John A. Quayle blueoval at SGI.NET
Tue May 13 08:13:12 MDT 2003

>>         They are free not to accept the enrollment of the individual in
>>the first place.

At 05:38 AM 5/13/2003 -0700, Stephen A. Frye wrote:

>I do not believe that the public schools are free to not accept the

         Well, it doesn't occur like it did when we were kids, thanks to
defining deviance down by the NEA. In some states, though, it still
happens. It depends on the laws of that state, the district, what sort of
area the school is in (upperclass schools are the most likely to do this)
and so forth.

>>>Who defines deplorable?
>>         The School Board, the Board of Regents, the Head Master, the
>>Superintendent, the Principal...........it's whatever applies. Some
>>schools even have a policy advisory council, responsible for setting
>>school policy on any and all issues.
>Any and all issues regarding the school. Yes. They have been given no
>legal authority outside of that scope.

         Well, again, the public behavior of students is closely monitored
in some districts, Stephen. The students are informed at the start of each
school year what's expected of them - on or off campus. There are a couple
of such districts near my home, in fact. The neighboring residential
surroundings are decidedly well-to-do. Nobody has come forward to challenge
these policies, either. I'm guessing that most of the parents (if not all)
are in solid agreement with such restrictive policy.

>>>What if the school (or an employer) decides that a student's support of
>>>the NRA, anti-abortion actions, etc are deplorable?
>>         The student can be removed from the enrollment - legally.
>And your legal authority on this is exactly what?

         I've seen it happen in surrounding districts. Okay, that's
second-hand heresay evidence and wouldn't hold water in a court of law. I
can empathize with your compulsion to disbelieve. Were the roles reversed,
I'd disbelieve, too.

         Maybe (but highly unlikely) Jim Quinn will air a similar type of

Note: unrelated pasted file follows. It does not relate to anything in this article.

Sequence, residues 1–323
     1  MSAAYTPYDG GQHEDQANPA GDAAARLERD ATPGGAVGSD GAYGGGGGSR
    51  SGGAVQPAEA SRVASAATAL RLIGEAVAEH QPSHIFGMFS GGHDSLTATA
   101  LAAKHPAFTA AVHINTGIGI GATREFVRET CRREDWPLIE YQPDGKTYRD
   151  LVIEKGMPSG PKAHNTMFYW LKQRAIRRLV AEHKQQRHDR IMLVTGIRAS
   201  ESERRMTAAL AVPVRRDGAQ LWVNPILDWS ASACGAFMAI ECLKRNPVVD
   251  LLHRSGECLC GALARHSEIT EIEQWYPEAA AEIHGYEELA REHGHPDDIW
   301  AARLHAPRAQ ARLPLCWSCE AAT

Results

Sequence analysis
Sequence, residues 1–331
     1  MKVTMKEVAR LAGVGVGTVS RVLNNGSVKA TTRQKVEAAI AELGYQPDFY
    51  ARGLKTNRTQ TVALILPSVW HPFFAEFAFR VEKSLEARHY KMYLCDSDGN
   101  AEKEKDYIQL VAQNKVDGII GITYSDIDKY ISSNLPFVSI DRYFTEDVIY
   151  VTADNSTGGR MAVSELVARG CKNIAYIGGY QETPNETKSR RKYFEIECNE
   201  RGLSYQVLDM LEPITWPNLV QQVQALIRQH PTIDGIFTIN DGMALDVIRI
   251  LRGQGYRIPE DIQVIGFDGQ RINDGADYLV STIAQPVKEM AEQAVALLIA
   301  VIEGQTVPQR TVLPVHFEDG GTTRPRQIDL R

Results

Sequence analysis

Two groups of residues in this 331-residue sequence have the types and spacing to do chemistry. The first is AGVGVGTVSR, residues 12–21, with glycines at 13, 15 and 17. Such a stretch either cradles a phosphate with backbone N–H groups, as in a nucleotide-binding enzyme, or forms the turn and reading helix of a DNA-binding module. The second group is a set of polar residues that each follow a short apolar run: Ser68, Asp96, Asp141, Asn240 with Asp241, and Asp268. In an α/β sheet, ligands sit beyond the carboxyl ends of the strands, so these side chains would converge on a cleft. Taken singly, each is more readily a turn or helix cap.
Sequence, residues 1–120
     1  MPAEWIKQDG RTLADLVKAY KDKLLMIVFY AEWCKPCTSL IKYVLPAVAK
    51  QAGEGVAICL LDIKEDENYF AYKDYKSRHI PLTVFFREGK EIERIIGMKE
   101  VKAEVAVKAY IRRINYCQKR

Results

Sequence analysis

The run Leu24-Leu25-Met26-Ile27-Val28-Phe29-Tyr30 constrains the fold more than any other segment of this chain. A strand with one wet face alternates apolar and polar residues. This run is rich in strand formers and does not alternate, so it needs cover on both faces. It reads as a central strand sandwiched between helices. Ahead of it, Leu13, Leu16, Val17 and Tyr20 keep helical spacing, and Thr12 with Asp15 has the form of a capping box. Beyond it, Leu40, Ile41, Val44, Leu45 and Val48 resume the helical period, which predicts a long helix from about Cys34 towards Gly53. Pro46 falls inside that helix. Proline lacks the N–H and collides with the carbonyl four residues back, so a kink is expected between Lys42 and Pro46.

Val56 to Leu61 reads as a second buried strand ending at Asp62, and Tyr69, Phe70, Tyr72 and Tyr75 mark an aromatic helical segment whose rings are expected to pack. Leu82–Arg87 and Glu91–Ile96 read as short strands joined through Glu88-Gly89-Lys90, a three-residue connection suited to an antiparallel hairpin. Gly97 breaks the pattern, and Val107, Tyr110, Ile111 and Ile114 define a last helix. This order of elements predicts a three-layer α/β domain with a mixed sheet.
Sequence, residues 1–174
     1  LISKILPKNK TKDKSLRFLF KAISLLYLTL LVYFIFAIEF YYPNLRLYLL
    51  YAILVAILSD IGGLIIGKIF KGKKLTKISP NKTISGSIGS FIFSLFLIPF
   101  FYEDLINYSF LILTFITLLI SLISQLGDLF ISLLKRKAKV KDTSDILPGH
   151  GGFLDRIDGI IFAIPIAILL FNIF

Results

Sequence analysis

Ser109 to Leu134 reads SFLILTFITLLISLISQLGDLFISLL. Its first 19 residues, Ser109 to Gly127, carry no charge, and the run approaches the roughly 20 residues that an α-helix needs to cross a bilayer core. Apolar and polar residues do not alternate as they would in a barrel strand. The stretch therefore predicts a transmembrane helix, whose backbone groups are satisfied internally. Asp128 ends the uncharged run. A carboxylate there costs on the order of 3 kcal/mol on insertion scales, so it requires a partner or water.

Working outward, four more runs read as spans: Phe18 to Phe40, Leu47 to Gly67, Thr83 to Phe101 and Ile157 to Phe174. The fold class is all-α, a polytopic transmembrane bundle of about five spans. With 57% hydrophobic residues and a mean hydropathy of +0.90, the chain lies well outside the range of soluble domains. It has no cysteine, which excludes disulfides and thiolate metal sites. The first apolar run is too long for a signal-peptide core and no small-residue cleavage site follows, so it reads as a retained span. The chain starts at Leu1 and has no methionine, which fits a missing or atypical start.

story before too long. If he does, I'll be sure to run down both the source
and news clipping for you. East of Pittsburgh are a few ultra high-end
upperclass areas where folks like the Mellons, the Scaifes, the Carnegies
and the rest of the most elite of Pittsburgh families sent their kids - to
mostly private schools, of course.

>Your opening statement mentioned that the Constitution provides for
>freedom of association.

         And such schools do choose who can and will enroll, under this
freedom of association. That's a two-way (albeit narrow) lane, Stephen.

>Here you are saying otherwise.

         Not at all. You misunderstand.

>Are you actually saying that a public school can dismiss a student because
>of the Church he or she attends?

         I've not seen that tight of a restriction in place anywhere,
Stephen. I've heard of threats - not over churches the family(ies) in
question attend(s), but over student involvement in such things as "Youth
For Christ" - an extra-curricular organization that is privately funded and
active in most area schools here.

         Many school boards are bitter toward this organization over the
organization's insistence to have access to classrooms after regular school
hours, which are tax payer funded (obviously). The ill will carries over
even if the gathering takes place well beyond school grounds. No
substantive legal action involving Y-F-C has occurred yet. But, school
boards always seem to have a collection of egos in place. This makes for
alot of noise, at the very least.

John Q.
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